So according to Sasse, are we still Lutheran today? I look for constructive comments from those willing to enter the fray. In any case, I think the time is ripe for a resurgence of boldly confessing the faith. As Forde put it, “It is time to risk going over to the offense, to recapture the present tense of the gospel, to speak the unconditional promise and see what happens. To do that it will be necessary to construct a theology that is for proclamation, for going over to the offensive, not for defense.” (Theology is for Proclamation, 8).

Thus this blog aims to rejoice not only in Lutheran theology, but more aptly, theology that is meant for proclamation and subsequently, the salvation of sinners! As such, I would invite all who are interested to take part in the discussion, for the betterment of the church, for the sake of the Gospel, and for the growth of Christ’s kingdom.


Rev. Woodford


7 responses to “Theology is for Proclamation

  1. Harold L Senkbeil

    God grant that this new blog may meet its intended purpose: to move beyond partisanship to explore matters foundational to the mission (that is, ministry) of our church: what it means to be and remain Lutheran in these gray and latter days. For several decades I have explored the inroads of foreign (primarily Arminian) theology into our life and mission. Perhaps in this generation the traffic can begin to flow in the opposite direction….that is, younger and more creative minds can engage all of Christendom with the radical implications of what it means that God has abolished sin and brought life and immortality to light in the person of His Incarnate Son – and commissioned His church to proclaim the astonishing news that He still enters our time and space with the tools and instruments of His Spirit – His Word preached and His Sacraments administered – to create and sustain faith.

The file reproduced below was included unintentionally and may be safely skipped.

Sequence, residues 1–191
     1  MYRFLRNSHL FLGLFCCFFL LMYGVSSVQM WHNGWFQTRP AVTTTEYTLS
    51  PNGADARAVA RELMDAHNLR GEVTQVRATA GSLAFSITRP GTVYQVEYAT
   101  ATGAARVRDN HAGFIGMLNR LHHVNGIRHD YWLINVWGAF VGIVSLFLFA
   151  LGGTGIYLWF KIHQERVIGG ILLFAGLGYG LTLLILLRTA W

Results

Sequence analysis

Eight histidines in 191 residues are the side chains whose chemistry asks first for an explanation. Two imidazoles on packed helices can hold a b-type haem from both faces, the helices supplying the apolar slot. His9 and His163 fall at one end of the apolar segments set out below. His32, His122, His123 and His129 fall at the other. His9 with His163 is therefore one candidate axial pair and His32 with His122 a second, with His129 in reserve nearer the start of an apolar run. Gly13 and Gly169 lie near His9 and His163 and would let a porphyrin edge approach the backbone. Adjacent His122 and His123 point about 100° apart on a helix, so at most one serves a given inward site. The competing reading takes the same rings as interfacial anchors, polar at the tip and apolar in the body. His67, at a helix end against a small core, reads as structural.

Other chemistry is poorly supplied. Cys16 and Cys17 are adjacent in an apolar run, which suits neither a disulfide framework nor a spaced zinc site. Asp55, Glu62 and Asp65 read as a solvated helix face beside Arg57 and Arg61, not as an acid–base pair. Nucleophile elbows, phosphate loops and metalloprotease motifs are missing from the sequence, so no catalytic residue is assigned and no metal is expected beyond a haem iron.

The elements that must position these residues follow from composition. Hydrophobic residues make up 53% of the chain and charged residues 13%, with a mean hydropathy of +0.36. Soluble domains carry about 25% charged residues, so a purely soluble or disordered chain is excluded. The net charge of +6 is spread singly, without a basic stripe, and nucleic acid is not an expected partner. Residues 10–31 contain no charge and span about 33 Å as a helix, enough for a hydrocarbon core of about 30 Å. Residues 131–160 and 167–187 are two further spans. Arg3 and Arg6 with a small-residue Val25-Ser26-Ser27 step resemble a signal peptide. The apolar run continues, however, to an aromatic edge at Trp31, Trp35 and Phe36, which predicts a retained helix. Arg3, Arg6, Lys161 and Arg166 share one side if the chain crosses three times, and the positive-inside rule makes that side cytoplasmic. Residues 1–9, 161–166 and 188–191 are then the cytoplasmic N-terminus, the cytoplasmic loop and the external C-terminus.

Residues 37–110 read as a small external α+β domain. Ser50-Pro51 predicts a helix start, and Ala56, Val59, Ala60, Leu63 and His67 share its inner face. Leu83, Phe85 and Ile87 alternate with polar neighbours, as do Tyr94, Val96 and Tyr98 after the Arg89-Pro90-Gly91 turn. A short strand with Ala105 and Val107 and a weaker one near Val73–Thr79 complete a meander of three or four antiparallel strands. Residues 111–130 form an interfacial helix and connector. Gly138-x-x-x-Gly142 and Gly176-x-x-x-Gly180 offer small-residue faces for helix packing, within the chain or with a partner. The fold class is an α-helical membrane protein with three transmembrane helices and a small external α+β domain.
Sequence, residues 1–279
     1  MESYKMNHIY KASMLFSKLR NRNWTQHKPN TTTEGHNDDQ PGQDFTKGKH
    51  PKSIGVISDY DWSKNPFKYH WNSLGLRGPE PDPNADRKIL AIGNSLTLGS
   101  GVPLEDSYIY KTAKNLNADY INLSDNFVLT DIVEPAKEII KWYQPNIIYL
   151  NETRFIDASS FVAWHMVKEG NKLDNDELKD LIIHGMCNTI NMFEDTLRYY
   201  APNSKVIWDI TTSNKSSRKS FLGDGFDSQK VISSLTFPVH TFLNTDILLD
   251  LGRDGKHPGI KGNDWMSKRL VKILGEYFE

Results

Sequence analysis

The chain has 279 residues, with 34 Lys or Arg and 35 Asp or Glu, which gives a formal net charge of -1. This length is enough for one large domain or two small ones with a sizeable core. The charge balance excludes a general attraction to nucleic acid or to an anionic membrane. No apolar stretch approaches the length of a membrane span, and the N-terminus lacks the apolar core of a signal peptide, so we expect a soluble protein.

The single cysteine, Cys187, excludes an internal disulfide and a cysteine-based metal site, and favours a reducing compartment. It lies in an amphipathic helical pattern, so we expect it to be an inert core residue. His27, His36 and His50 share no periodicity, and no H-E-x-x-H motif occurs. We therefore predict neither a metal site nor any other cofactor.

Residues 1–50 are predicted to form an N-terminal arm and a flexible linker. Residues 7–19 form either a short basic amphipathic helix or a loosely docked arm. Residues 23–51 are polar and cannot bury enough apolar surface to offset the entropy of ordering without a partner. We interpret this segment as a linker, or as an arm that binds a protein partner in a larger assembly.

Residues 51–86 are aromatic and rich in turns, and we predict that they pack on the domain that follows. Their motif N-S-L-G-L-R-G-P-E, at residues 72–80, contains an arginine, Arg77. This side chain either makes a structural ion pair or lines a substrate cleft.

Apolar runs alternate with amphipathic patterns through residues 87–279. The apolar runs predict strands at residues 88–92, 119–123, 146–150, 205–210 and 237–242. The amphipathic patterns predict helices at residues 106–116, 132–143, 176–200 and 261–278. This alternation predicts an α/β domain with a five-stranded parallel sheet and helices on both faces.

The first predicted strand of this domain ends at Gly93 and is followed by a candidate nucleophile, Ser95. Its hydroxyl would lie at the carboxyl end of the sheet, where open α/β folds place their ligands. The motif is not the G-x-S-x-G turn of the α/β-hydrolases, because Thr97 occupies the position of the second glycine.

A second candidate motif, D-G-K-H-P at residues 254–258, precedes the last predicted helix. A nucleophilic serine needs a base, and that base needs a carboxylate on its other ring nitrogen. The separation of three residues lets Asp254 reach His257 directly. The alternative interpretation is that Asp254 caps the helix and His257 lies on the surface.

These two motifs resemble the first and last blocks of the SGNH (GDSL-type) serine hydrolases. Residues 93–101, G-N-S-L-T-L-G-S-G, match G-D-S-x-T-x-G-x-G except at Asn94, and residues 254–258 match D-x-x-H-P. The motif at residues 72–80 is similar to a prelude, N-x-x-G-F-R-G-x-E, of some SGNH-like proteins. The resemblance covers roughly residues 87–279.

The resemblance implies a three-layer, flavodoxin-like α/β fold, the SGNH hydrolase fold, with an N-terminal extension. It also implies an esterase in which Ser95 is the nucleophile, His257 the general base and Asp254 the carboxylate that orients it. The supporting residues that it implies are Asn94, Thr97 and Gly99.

Let the conversation be congenial, candid, and collegial – but let the conversation begin!

    Rev. Harold L Senkbeil

  2. Pastor Kevin Jennings

    Hi, Pastor Senkbeil! I’ll be the first, I guess. Forgive my shotgun approach. Your post was so well laid out and polished, I fear that I’m giving you sandpaper in return for your silk!

    As one who has dabbled in different techniques of outreach, church growth and stuff, and who later repented, I believe there is a strong need to confess clearly what we believe as Lutherans. When we’ve done that, we need to go back to that confession, learn it again, and then confess it even more clearly.

    The Augustana labels the marks of the true Church as the preaching of the Gospel in its purity and administration of the sacraments in accordance with the Gospel. As Lutherans, we must hold before the world the truth that the church which does this is Lutherans. I’m not meaning to say that true Christians cannot be found in other churches; I cannot judge faith. But, I can and must judge doctrine. This is something that we as Lutherans must do in order to be clear in our confession.